Utah will fully expand Medicaid next year, after Trump administration health officials approved the state’s plan to cover thousands of additional residents and impose controversial work requirements.
State officials said Monday that the approval means up to 120,000 new people will be eligible for Medicaid coverage beginning Jan. 1.
The expansion will extend Medicaid eligibility to Utah adults whose annual income is up to 138 percent of the federal poverty level — $16,753 for an individual or $34,638 for a family of four.
Under ObamaCare, the federal government pays for more than 90 percent of the cost of states that wish to expand Medicaid.
Full Medicaid expansion was part of the state’s “fallback” plan. Utah hoped to receive the same level of federal funding while covering only a fraction of the people, but the Centers for Medicare and Medicaid Services (CMS) rejected the state’s request.
The partial expansion would have covered about 48,000 fewer people than full expansion, and cost almost $50 million more. The fallback plan called for full expansion, but with controversial work requirements.
Utah joins South Carolina as the second state in recent weeks to gain such an approval.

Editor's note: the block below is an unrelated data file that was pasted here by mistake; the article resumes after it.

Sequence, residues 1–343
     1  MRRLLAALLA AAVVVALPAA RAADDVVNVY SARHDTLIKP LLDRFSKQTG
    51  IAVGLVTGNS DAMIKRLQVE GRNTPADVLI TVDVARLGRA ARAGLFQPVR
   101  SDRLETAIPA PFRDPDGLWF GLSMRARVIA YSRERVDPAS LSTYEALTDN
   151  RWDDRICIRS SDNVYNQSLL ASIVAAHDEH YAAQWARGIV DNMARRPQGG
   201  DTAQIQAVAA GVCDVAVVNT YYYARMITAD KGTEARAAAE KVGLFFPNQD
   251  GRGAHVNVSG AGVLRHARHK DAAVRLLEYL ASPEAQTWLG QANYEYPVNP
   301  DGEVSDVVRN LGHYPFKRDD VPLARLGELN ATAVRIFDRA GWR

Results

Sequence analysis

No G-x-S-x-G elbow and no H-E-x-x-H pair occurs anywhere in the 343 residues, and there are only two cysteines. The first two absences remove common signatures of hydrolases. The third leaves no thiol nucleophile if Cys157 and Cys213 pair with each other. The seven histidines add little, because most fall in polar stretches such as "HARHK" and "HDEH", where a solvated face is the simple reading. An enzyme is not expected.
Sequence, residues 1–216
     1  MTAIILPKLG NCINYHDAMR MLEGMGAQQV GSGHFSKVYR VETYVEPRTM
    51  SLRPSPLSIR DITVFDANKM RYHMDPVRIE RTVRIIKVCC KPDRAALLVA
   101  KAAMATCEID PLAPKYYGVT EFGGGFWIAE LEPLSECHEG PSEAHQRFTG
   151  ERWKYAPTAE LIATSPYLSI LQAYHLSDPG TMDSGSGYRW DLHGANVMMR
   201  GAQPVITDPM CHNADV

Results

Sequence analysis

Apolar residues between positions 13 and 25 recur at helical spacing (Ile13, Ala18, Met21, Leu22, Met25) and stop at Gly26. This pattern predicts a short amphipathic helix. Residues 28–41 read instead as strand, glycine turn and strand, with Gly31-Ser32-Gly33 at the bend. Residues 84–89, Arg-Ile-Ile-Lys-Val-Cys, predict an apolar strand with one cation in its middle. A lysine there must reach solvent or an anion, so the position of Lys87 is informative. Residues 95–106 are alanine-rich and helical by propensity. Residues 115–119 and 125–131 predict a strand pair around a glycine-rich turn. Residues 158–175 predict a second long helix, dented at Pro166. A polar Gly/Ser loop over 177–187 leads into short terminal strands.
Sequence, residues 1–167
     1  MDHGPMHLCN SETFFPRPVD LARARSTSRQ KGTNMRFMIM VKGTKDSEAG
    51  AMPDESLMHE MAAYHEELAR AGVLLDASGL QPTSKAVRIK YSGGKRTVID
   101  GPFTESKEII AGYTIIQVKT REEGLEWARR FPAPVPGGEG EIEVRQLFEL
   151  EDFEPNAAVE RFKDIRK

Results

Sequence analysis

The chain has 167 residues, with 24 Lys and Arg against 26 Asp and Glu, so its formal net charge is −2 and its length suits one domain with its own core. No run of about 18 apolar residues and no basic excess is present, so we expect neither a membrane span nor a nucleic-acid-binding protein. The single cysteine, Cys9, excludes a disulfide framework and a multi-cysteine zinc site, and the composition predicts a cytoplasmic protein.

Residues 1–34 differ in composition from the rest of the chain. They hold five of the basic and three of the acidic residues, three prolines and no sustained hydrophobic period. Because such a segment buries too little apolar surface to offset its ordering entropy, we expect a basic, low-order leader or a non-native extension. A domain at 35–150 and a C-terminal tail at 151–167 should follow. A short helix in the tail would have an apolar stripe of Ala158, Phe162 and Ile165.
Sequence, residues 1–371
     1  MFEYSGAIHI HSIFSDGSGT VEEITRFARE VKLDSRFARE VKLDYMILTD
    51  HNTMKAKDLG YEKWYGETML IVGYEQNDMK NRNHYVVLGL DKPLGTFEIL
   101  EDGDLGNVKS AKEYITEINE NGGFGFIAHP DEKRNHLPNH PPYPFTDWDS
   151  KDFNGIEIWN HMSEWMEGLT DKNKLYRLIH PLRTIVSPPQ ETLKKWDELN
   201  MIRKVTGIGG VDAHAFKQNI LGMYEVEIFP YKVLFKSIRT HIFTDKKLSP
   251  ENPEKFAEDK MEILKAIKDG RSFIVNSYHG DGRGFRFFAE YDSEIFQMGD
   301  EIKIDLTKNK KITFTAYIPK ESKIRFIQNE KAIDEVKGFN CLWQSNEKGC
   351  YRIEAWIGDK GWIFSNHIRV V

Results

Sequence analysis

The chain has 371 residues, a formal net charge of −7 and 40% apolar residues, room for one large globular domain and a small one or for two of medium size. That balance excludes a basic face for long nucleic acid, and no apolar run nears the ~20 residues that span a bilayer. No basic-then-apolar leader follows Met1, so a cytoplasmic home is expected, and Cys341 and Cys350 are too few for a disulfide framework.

CMS approved the full expansion in Utah, along with the state’s request to impose work requirements.
According to Utah officials, people who are subject to the work requirement will need to complete an online job assessment, online training programs and report 48 job searches within the first three months of eligibility. Failure to complete the process will result in termination of Medicaid coverage.
CMS has not approved other aspects of the waiver, like charging premiums and surcharges for people whose income exceeds more than 100 percent of the federal poverty level.
“CMS’s decision is evidence states can craft viable, unique solutions to deliver critical health care services to their residents,” Utah Gov. Gary Herbert (R) said in a statement.
The Trump administration has made it a priority to approve work requirements in the 11 states that have submitted requests, but has run into opposition in the federal court system. Other state work requirements have been blocked by federal judges or paused by states as a result of the lawsuits.